Should The San Antonio Spurs Be Active At The NBA Trade Deadline?

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Last year, the Spurs failed to reach the NBA Playoffs for the first time since 1997. As of February 25th, they’re back in the swing of things, currently occupying the sixth seed in the Western Conference, while being 16-12.

If the past 20+ years are any indication, the Spurs aren’t tankers. The organization would by far prefer to make the postseason than playing for ping-pong balls, which remains admirable.

That said, the organization is pivoting towards a roster with more youth compared to previous iterations. Of players receiving over 10 minutes per game, eight are under the age of 30, and five are under the age of 25.

With just a month to go before the March 25th trade deadline, the Spurs have some decisions to make.

The future of the former All-Stars

First up is DeMar DeRozan, who is currently having one of the best seasons in his career. The 12-year veteran is averaging 19.8 points and 6.9 assists per game on a TS% of 60.3 while being the primary play-initiator. Under normal circumstances, it’d make little sense to trade DeRozan - especially given how his production and influence directly correlates with winning - but the 31-year-old’s contract is up at the end of this season, after which the Spurs risk losing him for nothing.

Do they hang onto him and live with that risk, or do they move him in order to make a triumphant return to the playoffs down the line, instead of this year?

Ultimately, the answer to that question likely boils down to where you can find the most value. Given his pending free agency, it stands to reason his trade value won’t be high. Thus, the Spurs would find more value by simply hanging onto him and have him produce at the level he is right now.

Of course, some team could make a play for DeRozan and hope they would have the inside track on retaining him after the season, where he will be one of the most attractive pieces on the market. Yet, any deal would have to make sense for the Spurs in terms of receiving fair value, which seems like a long shot.

The same logic can be applied to LaMarcus Aldridge, although the 35-year-old is experiencing a somewhat drastic decline this season. Aldridge won’t come close to sniffing his current paycheck of $24 million next season, so he simply won’t be a major priority for outside teams unless he’s being acquired as an expiring contract.

There’s also the possibility that San Antonio wishes to hang onto both, hoping to lock them up in the offseason once more, although for significantly cheaper money in regards to Aldridge.

Hanging onto the youngsters

One could argue that the Spurs could go in the other direction and cash in on their young players, but that seems farfetched given how they’ve spent the past few years actually making it a priority to get younger. Plus, would the Spurs’ young players even fetch something that makes them drastically better for the now?

The Spurs have been without Derrick White for 20 games this season, as he’s been in and out of the line-up. Should be back on a more permanent basis, and maybe rediscover a part of the success he had in the Orlando bubble (18.9 points, 39.3 3FG% on eight attempts) it should be quite the steady production injection for the Spurs’ offense.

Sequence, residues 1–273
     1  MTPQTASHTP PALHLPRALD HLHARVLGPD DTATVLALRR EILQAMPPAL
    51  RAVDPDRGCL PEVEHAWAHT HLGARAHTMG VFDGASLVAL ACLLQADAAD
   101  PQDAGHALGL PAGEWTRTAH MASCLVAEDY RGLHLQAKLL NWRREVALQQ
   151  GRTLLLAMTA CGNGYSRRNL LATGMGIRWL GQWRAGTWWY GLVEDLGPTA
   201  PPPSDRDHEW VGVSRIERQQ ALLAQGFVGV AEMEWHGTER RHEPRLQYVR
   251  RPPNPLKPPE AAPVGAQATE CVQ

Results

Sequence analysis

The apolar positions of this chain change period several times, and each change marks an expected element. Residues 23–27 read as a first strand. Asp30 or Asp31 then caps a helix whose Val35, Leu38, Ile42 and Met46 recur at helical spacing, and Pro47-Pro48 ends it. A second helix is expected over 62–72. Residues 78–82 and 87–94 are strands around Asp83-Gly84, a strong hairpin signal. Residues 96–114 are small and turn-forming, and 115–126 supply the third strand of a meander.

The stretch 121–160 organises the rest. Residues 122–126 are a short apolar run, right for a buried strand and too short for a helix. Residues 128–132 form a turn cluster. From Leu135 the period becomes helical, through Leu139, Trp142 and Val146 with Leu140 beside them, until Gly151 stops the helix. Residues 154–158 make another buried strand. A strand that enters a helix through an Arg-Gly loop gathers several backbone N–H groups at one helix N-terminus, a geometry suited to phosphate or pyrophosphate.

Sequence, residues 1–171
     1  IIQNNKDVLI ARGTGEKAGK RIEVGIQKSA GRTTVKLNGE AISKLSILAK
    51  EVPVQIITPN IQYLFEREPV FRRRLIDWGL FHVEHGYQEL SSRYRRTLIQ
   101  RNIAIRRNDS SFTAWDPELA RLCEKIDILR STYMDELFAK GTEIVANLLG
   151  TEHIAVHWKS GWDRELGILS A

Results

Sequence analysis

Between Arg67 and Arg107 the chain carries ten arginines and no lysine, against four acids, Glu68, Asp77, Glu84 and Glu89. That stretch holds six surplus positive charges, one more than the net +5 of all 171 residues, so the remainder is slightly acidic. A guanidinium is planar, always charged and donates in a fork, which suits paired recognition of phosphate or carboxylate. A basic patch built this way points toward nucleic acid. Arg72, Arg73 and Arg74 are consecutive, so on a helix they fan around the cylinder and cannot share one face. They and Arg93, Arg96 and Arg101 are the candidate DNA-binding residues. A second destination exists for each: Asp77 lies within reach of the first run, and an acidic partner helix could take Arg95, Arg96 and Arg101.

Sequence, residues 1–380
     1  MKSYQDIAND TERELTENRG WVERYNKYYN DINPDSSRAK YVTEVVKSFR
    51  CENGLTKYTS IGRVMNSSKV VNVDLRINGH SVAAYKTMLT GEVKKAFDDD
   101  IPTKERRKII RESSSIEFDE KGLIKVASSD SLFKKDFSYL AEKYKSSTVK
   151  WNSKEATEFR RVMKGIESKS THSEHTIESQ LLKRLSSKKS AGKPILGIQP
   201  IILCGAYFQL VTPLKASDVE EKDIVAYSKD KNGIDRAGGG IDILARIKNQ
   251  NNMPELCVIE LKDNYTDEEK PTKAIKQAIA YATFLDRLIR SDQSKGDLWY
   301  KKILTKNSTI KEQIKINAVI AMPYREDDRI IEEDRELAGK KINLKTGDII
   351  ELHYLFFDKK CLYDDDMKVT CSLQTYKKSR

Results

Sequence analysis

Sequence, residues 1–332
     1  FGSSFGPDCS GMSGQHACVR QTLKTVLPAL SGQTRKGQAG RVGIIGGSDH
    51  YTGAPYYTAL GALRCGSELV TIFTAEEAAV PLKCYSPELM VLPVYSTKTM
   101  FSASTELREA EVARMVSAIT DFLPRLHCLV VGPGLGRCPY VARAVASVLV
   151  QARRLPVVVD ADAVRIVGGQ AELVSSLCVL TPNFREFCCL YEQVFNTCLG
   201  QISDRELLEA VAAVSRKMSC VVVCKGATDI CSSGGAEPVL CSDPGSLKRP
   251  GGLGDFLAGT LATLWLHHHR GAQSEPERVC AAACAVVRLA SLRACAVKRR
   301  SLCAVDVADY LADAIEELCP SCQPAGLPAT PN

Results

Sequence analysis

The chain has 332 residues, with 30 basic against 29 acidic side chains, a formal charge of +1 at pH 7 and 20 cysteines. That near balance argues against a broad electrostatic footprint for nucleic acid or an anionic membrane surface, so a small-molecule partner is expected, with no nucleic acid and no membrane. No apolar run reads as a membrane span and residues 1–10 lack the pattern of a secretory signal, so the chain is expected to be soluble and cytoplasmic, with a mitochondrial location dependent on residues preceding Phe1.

Dejounte Murray, now further removed from the ACL tear that made him miss the entire 2018/2019 season, is netting career-highs of 15.6 points, 7.3 rebounds and 5.1 assists, while remaining as pesky as ever defensively. Murray, still just 25, probably could fetch quite a return given his combination of production, age and modest contract of $16 million annually on average. But those types of players are attractive for a reason, in large part because their financial compensation makes it easy to build around them. And the Spurs are doing just that.

Keldon Johnson and Lonnie Walker have each also taken steps. Johnson is putting up 14.5 points and 7.0 rebounds nightly as a second-year guy drafted late in the first round. That means his production right now is heavily outproducing his contract, suggesting once more the Spurs have a steal on their hands. As for Walker, his progress is slower, but he’s being trusted to play a bigger part in the Spurs' offense. His 10.8 points and 3.0 rebounds aren’t anything special, and given that his progress seems to be made on a step-by-step basis, it doesn’t seem likely that teams are currently standing in line for his services, meaning he’d likely be worth more to the Spurs on the court, than on the trade market.

Ultimately, the Spurs are likely to not be active. They rarely are at this point in the season, and the franchise isn’t fond of mid-season trades generally. They’ll likely take calls, and only engage if someone out there presents them with the chance to get stronger for this season, while also maintaining their long-term outlook. But given that all teams wish for that, it’s unlikely to happen.

Expecting much action from the Spurs next month appears to be unrealistic.

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